The Privilege of Being Reminded That We Aren’t Safe: On the Recent Attacks in Paris

Yesterday 129 people were killed in terrorist attacks in Paris. The U.S. population seems to be in agreement that this is a tragedy. People are posting all over social media to express sympathy for those who lost loved ones, comfort for those shaken, and anger toward those who carried out the attack. We express these thoughts even though this violence didn’t occur on our soil. We care deeply about what has happened to these people all the way across the Atlantic. We gather for vigils in honor of those who lost their life. Proximity doesn’t factor into our capacity for empathy.

And yet, we don’t see the same quantity of posts about the bomb which killed 18 people in Baghdad at a funeral; or about the attacks in Beirut  which killed at least 37 people; or about the 7 partially decapitated bodies that were dumped in Afghanistan last week, one of which was a 9 year old girl; or about the over 80,000, by the most conservative estimate, civilian death toll in Syria; or about the 28,277 Syrian civilians who have been killed in mass killings—much like the attacks in Paris—in the past 4 1/2 years, according to the New York Times.

Maybe it’s because a France is a Western nation, and as such we assume it’s safe. These recent attacks are reminders that Western countries are not havens from senseless mass violence. That our privilege doesn’t completely protect us from the devastation and fear that is sadly a daily reality for many others. Our streets may be safer most days, but that safety isn’t absolute. We can still be killed in a theater. Our kids can still get gunned down at school.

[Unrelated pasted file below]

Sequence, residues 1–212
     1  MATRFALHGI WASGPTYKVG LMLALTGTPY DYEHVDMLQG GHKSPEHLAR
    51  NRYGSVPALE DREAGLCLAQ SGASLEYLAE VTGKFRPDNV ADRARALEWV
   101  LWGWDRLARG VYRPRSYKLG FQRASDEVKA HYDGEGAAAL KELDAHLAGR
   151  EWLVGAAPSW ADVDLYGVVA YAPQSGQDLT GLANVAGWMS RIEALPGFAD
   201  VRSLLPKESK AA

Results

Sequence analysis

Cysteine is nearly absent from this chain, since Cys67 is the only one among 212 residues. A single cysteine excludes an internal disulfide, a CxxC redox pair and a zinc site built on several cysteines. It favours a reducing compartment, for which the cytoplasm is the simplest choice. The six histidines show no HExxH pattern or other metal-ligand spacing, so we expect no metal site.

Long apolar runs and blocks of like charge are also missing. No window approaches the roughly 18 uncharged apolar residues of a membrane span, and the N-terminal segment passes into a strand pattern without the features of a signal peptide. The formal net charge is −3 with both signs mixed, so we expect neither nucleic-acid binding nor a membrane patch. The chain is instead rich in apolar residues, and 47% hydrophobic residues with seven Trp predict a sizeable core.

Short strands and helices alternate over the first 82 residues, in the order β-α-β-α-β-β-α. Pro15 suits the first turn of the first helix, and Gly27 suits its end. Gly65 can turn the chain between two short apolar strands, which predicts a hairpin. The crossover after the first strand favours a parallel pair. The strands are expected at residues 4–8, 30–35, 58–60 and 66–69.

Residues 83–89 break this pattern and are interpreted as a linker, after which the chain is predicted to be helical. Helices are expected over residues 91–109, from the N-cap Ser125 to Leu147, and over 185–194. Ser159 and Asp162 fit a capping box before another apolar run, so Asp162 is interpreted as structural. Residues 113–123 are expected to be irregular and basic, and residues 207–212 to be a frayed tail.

We are not special. Bullets and bombs effect our bodies the same. We’re just lucky enough to get a break from it most of the time. That this tragedy reminds us that we are not safe. That we are not so desensitized to the violence that it’s just another 129 bodies to add to the total count. We’re lucky we don’t have a total count.

I’m not saying that the Parisians who lost their lives don’t deserve to be mourned. Nor am I saying that we shouldn’t take time out to evaluate how these attacks make us feel, but can we try to extend our empathy to those suffering in non-western (predominately Muslim) nations a little more often? Can we hold a vigil the next time dozens of civilians are murdered in Syria, or Iraq, or Afghanistan? They matter just as much as those people in Paris. At least to me, they do.


 Navarre Overton is the founder of Raising Revolution. She is a stay-at-home mom, feminist, freelance writer, and student. 



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